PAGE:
... the report sketched a scenario that had only a one-in-10 chance of happening over the next 100 years, she said.

              The aftermath of a 7.5-magnitude quake include:
              * Wellington would be cut off for four months or more by damage to the main routes and rail lines;.
              * Most of the region would be without gas for nearly three months and without power and water for at least three weeks.
              * Telecommunications services would be out for 10 days.
              * Restoring sewerage would take several months.
              * Food, fuel and materials to a cut-off Hutt Valley might have to be barged to Seaview Marina or Petone beach.

              http://www.nzherald.co.nz/nz/news/ar...ectid=10847023
              have you defeated them?
              your demons

              Comment


              • #8
                Hi there

                i think Realsure co NZ claim to be the best inspection agency in Wellington
                But I am told that they flag almost every portion of the house which makes it impossible to buy the property after reading their report

                any work of advice whether this is true and any recommendations for an alternative builders inspection agency

                Thanks for advising

                Comment


                • #9
                  Hi James

                  I got your message. I have a builder, but not a building inspector. Sorry about that, they're different things and a building inspector has full indemnity insurance and writes building reports. My guy will just tell you what needs fixing (and will do it at a reasonable rate). Probably more useful (to me) in reality than an inspector where you have to pick between 6 levels of severity and a 30 page "fill in the gaps" report, but you'd need to be willing to take his word for it. My guy doesn't have the indemnity insurance to write reports so wont do a write-up with guarantees of this and that. For me he won't charge either so if later on I get "oops, you need $5K to fix xyz" I cough up.

                  Nick
                  Free online Property Investment Course from iFindProperty, a residential investment property agency.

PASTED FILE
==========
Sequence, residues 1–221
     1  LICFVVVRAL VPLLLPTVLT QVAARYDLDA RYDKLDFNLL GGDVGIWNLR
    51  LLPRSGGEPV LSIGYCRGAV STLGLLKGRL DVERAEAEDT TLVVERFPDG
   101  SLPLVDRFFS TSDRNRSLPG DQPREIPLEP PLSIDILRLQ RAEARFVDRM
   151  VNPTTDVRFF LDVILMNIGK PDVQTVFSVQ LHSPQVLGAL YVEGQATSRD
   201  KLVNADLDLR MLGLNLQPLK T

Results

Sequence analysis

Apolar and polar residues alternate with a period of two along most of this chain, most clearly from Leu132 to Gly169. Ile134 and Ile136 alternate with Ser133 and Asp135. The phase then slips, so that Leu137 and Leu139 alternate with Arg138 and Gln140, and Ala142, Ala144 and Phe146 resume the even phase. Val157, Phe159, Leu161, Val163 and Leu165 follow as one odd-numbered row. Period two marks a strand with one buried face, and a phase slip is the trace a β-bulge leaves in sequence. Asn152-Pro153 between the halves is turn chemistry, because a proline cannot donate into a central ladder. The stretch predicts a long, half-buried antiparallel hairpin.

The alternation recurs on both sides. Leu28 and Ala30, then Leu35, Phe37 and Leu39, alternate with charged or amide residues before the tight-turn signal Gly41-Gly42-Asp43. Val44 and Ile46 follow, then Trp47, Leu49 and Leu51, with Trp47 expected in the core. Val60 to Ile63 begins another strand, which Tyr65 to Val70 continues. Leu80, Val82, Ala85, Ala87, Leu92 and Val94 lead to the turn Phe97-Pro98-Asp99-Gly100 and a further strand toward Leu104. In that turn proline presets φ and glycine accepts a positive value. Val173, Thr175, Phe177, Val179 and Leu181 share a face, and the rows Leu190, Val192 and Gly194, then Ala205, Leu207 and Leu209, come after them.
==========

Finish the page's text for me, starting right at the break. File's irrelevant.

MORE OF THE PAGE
Comment


                  • #10
                    Parts of the house are designed and rated to last at least 50 years, they're not designed to break in year 51 but in engineering there has to be a cut off point somewhere.

                    I have 3 over 100 years old and one that's 65 years old. Never bought anything newer. Apart from a bit more basic maintenance than a new house it's nothing to worry about.

                    Comment


                    • #11
                      Originally posted by Nick G View Post
                      Hi James

                      I got your message. I have a builder, but not a building inspector. Sorry about that, they're different things and a building inspector has full indemnity insurance and writes building reports. My guy will just tell you what needs fixing (and will do it at a reasonable rate). Probably more useful (to me) in reality than an inspector where you have to pick between 6 levels of severity and a 30 page "fill in the gaps" report, but you'd need to be willing to take his word for it. My guy doesn't have the indemnity insurance to write reports so wont do a write-up with guarantees of this and that. For me he won't charge either so if later on I get "oops, you need $5K to fix xyz" I cough up.

                      Nick
                      Hi Nick

                      Does the builder have a moisture meter to check the moisture levels around the susceptible areas of the house ?

                      Thanks for advising ?

                      Comment